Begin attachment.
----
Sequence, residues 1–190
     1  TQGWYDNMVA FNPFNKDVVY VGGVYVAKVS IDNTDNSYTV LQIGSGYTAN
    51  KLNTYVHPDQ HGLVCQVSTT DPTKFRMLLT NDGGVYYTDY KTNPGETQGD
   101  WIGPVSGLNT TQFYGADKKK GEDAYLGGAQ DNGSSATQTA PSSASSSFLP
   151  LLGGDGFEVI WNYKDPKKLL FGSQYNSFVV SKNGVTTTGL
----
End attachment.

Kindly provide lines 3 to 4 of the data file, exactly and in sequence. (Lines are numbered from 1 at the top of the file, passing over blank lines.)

    51  KLNTYVHPDQ HGLVCQVSTT DPTKFRMLLT NDGGVYYTDY KTNPGETQGD
   101  WIGPVSGLNT TQFYGADKKK GEDAYLGGAQ DNGSSATQTA PSSASSSFLP